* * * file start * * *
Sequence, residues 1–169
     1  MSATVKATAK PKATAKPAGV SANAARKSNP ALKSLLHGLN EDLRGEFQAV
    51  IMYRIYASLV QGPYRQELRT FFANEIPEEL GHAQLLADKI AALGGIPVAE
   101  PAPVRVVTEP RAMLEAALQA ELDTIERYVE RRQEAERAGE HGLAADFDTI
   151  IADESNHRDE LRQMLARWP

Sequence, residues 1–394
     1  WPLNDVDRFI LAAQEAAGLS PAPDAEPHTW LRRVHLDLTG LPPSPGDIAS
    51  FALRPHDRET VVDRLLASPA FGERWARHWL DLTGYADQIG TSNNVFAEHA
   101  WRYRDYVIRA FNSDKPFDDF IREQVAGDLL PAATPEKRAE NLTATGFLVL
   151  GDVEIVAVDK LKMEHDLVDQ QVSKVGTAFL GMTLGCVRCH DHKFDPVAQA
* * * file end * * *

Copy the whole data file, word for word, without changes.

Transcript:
Sequence, residues 1–169
     1  MSATVKATAK PKATAKPAGV SANAARKSNP ALKSLLHGLN EDLRGEFQAV
    51  IMYRIYASLV QGPYRQELRT FFANEIPEEL GHAQLLADKI AALGGIPVAE
   101  PAPVRVVTEP RAMLEAALQA ELDTIERYVE RRQEAERAGE HGLAADFDTI
   151  IADESNHRDE LRQMLARWP

Sequence, residues 1–394
     1  WPLNDVDRFI LAAQEAAGLS PAPDAEPHTW LRRVHLDLTG LPPSPGDIAS
    51  FALRPHDRET VVDRLLASPA FGERWARHWL DLTGYADQIG TSNNVFAEHA
   101  WRYRDYVIRA FNSDKPFDDF IREQVAGDLL PAATPEKRAE NLTATGFLVL
   151  GDVEIVAVDK LKMEHDLVDQ QVSKVGTAFL GMTLGCVRCH DHKFDPVAQA